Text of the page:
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J Urol. 2007 Apr;177(4):1374-7.

Anastomotic urethroplasty for posttraumatic urethral stricture: previous urethral manipulation has a negative impact on the final outcome.

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1
Department of Urology, Bichat Hospital, Paris, France.

Abstract

PURPOSE:

We evaluated the long-term results of anastomotic urethroplasty for posttraumatic urethral stricture and assessed the impact of previous endourethral/surgical intervention on the subsequent outcome.

MATERIALS AND METHODS:

From January 1988 to April 2005, 51 patients underwent anastomotic urethroplasty for posttraumatic urethral stricture following pelvic fracture (41) or perineal blunt trauma (10). Of these patients 28 (55%) underwent previous surgical procedures, including endoscopic urethrotomy with endoscopic realignment in 20 and open urethroplasty in 8. Median followup was 4.6 years. Results were evaluated. Success was characterized by a maximum urine flow of more than 15 ml per second, sterile urine, and normal urethral imaging and/or endoscopy. A satisfactory result was considered to be 1 episode of recurrence diagnosed on routine imaging/endoscopy that was successfully managed by 1 or 2 direct vision internal urethrotomies. Failure was characterized by the necessity for repeat instrumental and/or open surgery. Results were analyzed using Kaplan-Meier curves and the log rank test.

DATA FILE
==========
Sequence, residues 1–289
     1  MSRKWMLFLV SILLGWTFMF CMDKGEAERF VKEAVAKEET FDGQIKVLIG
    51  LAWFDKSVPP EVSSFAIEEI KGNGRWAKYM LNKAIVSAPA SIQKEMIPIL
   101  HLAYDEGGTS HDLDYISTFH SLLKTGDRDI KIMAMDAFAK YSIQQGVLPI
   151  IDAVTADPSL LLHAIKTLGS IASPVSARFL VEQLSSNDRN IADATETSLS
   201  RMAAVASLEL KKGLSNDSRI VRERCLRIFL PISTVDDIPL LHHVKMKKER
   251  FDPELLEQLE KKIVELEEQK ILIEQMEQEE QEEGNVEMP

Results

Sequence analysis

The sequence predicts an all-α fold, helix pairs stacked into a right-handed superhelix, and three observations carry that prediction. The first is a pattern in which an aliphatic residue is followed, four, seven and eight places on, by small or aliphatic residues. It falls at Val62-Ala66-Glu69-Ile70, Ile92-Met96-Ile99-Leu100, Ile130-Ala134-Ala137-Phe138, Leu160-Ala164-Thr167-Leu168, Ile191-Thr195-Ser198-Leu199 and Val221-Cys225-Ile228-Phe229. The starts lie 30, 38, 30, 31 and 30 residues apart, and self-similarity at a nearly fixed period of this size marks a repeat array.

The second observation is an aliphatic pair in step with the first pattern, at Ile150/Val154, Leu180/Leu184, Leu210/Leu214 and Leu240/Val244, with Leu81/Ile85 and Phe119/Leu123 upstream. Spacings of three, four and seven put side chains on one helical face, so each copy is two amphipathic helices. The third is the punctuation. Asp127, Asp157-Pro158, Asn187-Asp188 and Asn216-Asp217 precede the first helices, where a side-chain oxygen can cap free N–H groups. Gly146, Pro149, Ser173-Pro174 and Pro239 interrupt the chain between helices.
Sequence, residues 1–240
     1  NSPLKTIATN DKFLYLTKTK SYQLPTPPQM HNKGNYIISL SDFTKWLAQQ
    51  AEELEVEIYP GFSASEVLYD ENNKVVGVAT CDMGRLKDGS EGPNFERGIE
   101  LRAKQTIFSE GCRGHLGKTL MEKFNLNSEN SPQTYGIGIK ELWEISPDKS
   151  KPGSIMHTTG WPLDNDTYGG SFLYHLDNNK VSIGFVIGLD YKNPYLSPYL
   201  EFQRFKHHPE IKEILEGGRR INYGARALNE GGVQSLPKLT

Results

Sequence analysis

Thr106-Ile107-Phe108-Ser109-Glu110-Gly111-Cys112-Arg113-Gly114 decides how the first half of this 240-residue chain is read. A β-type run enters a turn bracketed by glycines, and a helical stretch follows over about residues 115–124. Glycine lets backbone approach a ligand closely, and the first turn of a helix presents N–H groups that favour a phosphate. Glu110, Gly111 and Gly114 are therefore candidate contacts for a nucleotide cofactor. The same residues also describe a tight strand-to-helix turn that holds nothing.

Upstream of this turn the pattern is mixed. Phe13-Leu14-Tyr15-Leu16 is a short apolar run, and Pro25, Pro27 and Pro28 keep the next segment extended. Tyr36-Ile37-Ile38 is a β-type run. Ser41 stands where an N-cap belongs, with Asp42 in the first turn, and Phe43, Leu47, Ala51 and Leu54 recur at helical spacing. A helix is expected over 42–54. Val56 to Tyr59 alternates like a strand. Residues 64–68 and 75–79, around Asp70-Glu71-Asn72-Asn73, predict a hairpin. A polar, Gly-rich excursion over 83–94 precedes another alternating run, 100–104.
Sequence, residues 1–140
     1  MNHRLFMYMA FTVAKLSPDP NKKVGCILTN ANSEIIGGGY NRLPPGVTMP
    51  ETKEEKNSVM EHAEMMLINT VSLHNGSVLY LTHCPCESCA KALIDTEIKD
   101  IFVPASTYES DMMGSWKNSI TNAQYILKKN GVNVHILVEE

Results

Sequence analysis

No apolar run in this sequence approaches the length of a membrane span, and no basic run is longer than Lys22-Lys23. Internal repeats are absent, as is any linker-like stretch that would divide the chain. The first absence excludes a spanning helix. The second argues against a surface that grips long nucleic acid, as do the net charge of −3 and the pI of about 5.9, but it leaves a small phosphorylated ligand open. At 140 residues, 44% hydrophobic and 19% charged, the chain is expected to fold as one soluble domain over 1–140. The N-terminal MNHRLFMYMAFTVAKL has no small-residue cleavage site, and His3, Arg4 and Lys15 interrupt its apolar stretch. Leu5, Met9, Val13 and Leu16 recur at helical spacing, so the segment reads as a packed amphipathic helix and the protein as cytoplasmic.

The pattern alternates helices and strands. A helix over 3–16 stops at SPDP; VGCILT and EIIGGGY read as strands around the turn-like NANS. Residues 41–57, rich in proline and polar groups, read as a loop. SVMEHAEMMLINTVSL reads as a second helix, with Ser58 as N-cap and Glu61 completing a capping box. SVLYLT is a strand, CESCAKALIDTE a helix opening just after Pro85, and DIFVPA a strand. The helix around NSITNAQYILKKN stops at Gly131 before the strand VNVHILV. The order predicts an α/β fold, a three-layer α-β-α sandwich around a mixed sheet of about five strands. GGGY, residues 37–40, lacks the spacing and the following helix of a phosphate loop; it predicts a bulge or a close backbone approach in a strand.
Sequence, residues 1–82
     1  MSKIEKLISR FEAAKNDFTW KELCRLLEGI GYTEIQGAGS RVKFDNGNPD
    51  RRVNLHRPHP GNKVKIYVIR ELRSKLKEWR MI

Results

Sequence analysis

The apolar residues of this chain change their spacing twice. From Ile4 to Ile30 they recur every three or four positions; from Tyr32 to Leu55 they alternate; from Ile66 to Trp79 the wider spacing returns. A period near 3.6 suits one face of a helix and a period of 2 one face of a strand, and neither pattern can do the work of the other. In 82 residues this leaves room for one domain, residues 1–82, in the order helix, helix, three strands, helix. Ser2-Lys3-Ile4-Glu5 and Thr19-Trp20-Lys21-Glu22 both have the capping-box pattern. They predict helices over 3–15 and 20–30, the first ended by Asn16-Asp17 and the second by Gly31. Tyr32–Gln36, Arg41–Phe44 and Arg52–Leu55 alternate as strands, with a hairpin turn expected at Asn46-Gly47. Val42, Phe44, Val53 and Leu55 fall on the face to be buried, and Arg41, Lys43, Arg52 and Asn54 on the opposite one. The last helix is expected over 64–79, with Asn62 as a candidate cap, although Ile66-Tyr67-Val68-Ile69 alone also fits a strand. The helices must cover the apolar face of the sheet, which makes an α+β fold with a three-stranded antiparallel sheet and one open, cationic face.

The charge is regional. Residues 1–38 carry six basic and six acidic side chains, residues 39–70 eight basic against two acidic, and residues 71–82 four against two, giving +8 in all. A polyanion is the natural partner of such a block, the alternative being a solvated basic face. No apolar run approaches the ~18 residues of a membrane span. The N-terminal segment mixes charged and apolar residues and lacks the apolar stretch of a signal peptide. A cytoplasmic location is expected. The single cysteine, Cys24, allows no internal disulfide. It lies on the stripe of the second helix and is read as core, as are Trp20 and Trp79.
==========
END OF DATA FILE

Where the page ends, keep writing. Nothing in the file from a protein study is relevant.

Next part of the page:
RESULTS:

At 1, 5 and 10 years overall success rates were 63%, 55% and 43%, while satisfactory result rates were 84%, 80% and 76%, respectively. However, the 23 patients without urethral manipulation before anastomotic urethroplasty had a satisfactory result of more than 90% vs more than 60% in patients with previous surgical treatment. These results were maintained for 100 months (p <0.05).

CONCLUSIONS:

Endoscopic and/or open urethral manipulation before anastomotic urethroplasty for posttraumatic urethral stricture has a significant impact on the outcome of urethral reconstruction. Cases of posttraumatic urethral stricture should preferably be referred to a center of expertise.

PMID:
17382735
DOI:
10.1016/j.juro.2006.11.092
[Indexed for MEDLINE]
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